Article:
Flood protection and land value creation – Not all resilience investments are created equal

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Aerial view of Buenos Aires, Argentina
Aerial view of Buenos Aires, Argentina. Photo by Andrea Leopardi on Unsplash

Is disaster risk management’s sole purpose to reduce damages from natural hazards or is it a more fundamental requirement for growth and development?

Consider an urban location that is close to many jobs and services but is subjected to frequent floods. A few households may decide to settle there for accessibility, but they will unlikely invest much in their dwellings given the annual destructions. Most households will likely prefer to stay away, even if they have to spend more time and money in a daily commute.

Now, if the flood risk disappears because of investments in flood protection, more households will likely choose to settle in the area and invest more in their dwellings, since it is less likely that floods will wash away their assets. Investments in disaster risk management (DRM) makes the location previously prone to flooding safer and more attractive to live in, increasing the willingness of households and businesses to invest. This should translate into increased land values, more productivity, higher economic output, and, therefore, higher incomes and better lives.

We believe DRM investments are essential for growth and development estimates of land value creation potential can help support arguments for interventions for at least two reasons.

  • First, putting a dollar value on these wider economic benefits helps make the case for resilience investments, because they better capture the benefits of these interventions. In short, a more complete cost-benefit analysis will give governments reasons to intervene earlier.
  • Second, estimating increases in land values triggered by DRM interventions opens up the possibility of land value capture to retrospectively recoup the initial investment costs or help finance other public priorities, such as health or education.

What can urban simulation models bring to the table?

In our  paper recently published with support from the Global Facility for Disaster Reduction and Recovery (GFDRR), we investigate land value creation potential from flood protection investments. Using Buenos Aires as a case study, we use a simple urban economics model in both a theoretical and applied setting, and look at a real-world investment to illustrate the model’s relevance.

Urban economics models bring two main advantages for these estimations. First, they can be used ex-ante, without having to wait for the investments to happen and the housing and land markets to adjust, and without requiring costly data collection. Second, they document both the land value changes in the locations where the interventions happen, as well as the entire urban area. They can account for general equilibrium effects where land values shift as a result of changes in the relative attractiveness of different parts of the city. For these reasons, urban simulation models are useful complements to classical statistical methods, such as hedonic pricing or other ex-post methodologies.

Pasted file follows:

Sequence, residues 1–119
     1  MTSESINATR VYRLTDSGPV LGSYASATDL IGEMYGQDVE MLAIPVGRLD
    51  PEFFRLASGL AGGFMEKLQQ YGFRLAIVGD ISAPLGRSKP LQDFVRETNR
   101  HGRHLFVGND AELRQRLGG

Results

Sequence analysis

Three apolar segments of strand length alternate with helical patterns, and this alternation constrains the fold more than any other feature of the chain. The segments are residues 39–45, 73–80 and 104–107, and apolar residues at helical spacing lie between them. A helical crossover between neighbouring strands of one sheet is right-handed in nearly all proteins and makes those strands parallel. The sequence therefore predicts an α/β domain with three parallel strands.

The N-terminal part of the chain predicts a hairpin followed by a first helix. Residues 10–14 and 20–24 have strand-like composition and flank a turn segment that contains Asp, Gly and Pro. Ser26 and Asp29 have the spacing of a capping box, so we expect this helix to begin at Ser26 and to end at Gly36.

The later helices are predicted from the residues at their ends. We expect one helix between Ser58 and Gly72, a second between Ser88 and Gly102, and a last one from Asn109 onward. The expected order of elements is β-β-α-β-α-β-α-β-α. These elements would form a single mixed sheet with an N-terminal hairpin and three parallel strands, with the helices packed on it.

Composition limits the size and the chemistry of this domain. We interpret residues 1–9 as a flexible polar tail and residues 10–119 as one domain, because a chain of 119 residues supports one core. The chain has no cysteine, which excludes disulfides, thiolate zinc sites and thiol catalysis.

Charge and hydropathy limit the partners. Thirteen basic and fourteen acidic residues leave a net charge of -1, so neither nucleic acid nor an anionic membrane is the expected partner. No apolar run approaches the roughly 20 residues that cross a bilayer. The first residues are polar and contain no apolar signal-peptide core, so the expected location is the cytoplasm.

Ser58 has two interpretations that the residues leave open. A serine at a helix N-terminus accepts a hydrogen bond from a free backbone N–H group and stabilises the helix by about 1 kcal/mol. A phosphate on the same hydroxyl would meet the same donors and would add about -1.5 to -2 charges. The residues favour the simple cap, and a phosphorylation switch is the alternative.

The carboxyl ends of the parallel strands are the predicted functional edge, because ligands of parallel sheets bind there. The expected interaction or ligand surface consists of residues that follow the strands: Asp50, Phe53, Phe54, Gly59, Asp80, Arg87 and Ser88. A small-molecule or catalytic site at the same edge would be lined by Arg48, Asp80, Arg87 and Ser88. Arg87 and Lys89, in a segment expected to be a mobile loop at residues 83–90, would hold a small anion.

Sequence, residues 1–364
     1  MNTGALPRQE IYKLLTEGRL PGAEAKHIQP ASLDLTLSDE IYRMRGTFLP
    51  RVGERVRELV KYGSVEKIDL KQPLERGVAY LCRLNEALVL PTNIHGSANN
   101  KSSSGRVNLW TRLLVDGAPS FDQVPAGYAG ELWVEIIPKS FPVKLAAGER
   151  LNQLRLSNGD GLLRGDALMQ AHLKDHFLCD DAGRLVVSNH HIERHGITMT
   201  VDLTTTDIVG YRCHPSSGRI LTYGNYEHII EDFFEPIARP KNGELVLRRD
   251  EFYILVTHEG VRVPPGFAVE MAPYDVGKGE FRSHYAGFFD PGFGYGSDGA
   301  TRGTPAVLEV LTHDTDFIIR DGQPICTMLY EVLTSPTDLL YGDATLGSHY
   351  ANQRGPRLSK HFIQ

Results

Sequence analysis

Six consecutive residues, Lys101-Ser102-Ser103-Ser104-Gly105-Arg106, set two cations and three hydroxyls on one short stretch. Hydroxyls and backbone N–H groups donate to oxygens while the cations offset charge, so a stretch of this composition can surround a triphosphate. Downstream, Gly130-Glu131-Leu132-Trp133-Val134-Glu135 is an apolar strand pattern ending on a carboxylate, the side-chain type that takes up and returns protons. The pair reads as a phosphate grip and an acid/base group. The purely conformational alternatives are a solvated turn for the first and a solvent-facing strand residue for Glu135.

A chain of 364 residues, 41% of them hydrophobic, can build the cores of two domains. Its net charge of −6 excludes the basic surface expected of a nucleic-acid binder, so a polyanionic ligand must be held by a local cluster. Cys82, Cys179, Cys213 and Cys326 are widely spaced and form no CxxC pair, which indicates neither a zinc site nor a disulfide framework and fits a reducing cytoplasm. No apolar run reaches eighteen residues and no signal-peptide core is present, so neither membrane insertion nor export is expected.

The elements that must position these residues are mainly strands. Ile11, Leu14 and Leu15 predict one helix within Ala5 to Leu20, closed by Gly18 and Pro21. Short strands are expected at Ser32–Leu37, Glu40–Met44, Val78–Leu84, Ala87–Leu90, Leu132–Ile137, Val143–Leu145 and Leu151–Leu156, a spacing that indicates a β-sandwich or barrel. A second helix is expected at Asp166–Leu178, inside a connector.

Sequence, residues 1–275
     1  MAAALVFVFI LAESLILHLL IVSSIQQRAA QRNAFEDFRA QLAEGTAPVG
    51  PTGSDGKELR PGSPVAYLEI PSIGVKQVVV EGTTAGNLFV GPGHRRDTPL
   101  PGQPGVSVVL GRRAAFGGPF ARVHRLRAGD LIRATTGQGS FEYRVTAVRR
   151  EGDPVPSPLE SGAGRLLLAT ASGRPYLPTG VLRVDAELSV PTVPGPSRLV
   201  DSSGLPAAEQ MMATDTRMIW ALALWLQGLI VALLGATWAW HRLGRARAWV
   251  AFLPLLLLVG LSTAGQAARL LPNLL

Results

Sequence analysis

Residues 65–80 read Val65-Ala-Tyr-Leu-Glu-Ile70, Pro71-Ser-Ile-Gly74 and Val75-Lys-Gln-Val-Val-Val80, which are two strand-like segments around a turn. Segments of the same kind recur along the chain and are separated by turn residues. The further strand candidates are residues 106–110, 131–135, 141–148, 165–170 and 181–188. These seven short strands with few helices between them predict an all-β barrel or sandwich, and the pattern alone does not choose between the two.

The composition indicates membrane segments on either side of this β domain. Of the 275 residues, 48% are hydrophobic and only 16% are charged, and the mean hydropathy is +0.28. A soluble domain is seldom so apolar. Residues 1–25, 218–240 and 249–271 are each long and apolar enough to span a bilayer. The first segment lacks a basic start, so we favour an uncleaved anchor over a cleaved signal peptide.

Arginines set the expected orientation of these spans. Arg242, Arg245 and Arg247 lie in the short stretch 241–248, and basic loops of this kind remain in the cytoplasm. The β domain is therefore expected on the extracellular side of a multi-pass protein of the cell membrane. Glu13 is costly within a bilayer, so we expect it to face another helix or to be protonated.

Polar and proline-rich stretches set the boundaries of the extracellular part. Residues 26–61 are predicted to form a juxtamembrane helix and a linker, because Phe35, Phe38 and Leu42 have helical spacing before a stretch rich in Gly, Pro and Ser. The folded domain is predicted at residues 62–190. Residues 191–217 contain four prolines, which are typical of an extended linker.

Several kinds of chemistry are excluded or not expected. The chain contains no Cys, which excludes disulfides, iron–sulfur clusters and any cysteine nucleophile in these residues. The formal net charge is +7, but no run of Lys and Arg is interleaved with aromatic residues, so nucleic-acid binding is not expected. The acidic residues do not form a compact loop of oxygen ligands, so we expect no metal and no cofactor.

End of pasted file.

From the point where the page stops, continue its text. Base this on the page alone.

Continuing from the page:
Illustration of how flood protection investments in central Buenos Aires (CABA) reduce the area flooded by centennial flood events

Figure 1: Illustration of how flood protection investments in central Buenos Aires (CABA) reduce the area flooded by centennial flood events. Source: Urban Infrastructure Directorate, Autonomous City of Buenos Aires.[1]

Can flood protection investments pay for themselves?

Our central result is that, even under conservative modelling assumptions, the land value creation potential matches or outweighs the DRM investment costs. Flood mitigation projects in the central part of Buenos Aires (CABA) ─ mostly in the form of improved stormwater drainage and retention capacity investments─ are estimated at US$338 million, but would lead to a net aggregate land value creation of approximately US$379 million across the urban area.

Focusing only on this net land value creation amount, however, hides important dynamics happening at the scale of the urban area. Figure 2 documents that, if the population remains the same, more than 95% of the urban area would see a very limited decrease in land values and 3.3% would see a substantial increase. These dynamics demonstrate the importance of accounting for land and housing market equilibrium effects and the pitfalls of overlooking the land value transfers they entail: land value appreciations (gains) amount to US$2.19 billion but net aggregate land value change (gains minus losses) amounts to US$379 million. A stakeholder interested in creating fiscal space through land value capture will focus on the US$2.19 billion figure and on taxation mechanisms to recuperate part of that sum. A stakeholder interested in evaluating the benefits of the flood protection investments will look at the smaller US$379 million figure: the net aggregate land value increase.